Kiwi is an exotic and tasty fruit that is quickly catching on in the United States, although it is far from a new discovery. Two types of Kiwi fruit are known: Actinidia arguta and Actinidia chinensis, the latter of which are the fruits sold in the markets and grown in warmer areas, such as California and Australia. Actinidia arguta is known as bower actinidia, tara vine, and yangtao, and is definitely not a new landscape plant. However, it is unclear whether a new fruiting strain of A. arguta has been promoted recently or whether A. arguta is being considered a new strain of A. chinensis.
The cut portions of the fruit in this variety resemble those of A. chinensis, but are about the size of, or slightly larger than, strawberries. A. arguta is a good vine to grow and has long been recommended for planting as an ornamental vine. Because the sexes are separate, if fruit is desired both a male plant and a female plant are necessary.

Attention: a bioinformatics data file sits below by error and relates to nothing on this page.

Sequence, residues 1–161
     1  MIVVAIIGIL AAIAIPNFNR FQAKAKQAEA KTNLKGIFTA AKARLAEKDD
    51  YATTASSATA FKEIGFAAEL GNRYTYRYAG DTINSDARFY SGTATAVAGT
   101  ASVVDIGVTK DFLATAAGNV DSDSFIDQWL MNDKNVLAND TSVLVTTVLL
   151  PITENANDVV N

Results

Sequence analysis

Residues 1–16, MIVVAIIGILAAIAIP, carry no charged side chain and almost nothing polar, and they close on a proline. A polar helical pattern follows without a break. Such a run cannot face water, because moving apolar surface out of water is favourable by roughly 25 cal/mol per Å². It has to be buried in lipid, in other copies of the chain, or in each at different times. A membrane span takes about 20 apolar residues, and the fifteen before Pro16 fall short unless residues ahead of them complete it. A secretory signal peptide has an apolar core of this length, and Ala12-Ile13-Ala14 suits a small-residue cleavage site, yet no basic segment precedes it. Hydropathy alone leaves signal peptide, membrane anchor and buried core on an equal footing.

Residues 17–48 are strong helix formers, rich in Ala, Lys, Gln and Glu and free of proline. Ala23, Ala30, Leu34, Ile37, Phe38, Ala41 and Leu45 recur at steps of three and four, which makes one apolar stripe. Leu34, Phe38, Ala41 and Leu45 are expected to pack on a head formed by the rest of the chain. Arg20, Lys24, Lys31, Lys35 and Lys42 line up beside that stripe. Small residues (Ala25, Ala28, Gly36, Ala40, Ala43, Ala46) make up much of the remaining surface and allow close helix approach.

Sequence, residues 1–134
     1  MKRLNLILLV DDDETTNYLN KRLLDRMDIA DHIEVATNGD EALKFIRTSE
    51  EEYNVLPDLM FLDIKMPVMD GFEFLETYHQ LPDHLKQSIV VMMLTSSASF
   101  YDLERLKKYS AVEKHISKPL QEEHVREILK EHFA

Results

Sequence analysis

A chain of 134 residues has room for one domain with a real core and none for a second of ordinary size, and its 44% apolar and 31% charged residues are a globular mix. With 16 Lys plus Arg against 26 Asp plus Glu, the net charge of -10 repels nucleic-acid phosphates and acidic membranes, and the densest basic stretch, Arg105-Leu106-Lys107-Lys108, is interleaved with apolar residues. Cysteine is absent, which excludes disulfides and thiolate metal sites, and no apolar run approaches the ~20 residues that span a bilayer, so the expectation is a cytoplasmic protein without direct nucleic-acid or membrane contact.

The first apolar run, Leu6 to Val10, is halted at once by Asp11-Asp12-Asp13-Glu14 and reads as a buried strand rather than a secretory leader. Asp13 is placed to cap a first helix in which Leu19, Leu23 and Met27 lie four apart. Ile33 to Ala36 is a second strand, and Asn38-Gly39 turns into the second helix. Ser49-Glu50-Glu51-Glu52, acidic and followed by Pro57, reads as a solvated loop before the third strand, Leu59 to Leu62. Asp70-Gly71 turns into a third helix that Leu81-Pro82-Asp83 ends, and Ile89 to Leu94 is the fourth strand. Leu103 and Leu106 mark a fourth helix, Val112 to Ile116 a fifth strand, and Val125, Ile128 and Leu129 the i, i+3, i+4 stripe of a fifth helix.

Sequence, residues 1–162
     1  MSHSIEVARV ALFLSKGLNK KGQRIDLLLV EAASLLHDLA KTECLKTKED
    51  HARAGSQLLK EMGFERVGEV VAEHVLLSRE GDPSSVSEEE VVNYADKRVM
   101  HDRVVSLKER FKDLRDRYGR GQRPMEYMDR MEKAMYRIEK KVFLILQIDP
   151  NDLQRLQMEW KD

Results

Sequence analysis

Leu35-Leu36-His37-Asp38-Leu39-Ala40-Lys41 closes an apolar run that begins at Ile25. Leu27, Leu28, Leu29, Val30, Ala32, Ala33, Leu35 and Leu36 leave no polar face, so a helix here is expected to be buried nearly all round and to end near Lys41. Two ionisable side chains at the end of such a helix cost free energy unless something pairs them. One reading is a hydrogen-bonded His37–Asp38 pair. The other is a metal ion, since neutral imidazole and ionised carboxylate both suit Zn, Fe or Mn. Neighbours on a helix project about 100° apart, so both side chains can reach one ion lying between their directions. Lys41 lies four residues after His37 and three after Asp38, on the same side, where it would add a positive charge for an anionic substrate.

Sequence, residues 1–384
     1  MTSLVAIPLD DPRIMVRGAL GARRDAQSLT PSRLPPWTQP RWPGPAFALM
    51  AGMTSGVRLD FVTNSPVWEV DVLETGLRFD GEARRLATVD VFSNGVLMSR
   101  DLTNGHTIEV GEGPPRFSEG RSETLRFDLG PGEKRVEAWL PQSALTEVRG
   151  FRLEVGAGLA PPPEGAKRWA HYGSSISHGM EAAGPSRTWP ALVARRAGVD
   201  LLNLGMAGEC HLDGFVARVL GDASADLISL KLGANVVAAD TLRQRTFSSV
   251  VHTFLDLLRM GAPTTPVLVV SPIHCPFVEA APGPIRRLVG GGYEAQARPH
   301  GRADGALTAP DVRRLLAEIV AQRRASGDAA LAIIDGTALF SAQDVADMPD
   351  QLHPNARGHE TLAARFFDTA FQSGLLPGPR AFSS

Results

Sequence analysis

A. arguta fruit is considerably smaller than that of A. chinensis - A. arguta fruits are about 1 1/4 inches long, 3/4 inches diameter, have a circumference of about 2 1/2 inches. A pound would contain about 57 fruits. A typical kiwi fruit found in a grocery store is about 2 5/8 inches long, 2 1/8 inches wide, 6 1/4 inches in circumference, and weighs 4 ounces. Therefore, fruits of A. arguta are about 1/15 the weight of a typical kiwi fruit (A. chinensis). The skin on A. arguta is smooth so they should not have to be peeled.
Kiwi is a relatively convenient to grow, its plants can be propagated by seeds or cuttings. Today, more and more seed catalogs and nurseries are promoting this hardy kiwi as a "new exotic fruit that has 20 times more vitamin C than citrus fruit, and will produce up to 100 pounds of fruit per vine". And in 1987, Kiwi cultivation was made easier by a named cultivar introduced by Stark Brothers Nurseries: 'Issai". This variety is self-fruitful, making only a single plant necessary for fruit production.
Reference: J.L. Taylor, Michigan State University Hortopics Newsletter, August 1985. Hortopics Newsletter, (Kiwi Update) 1987.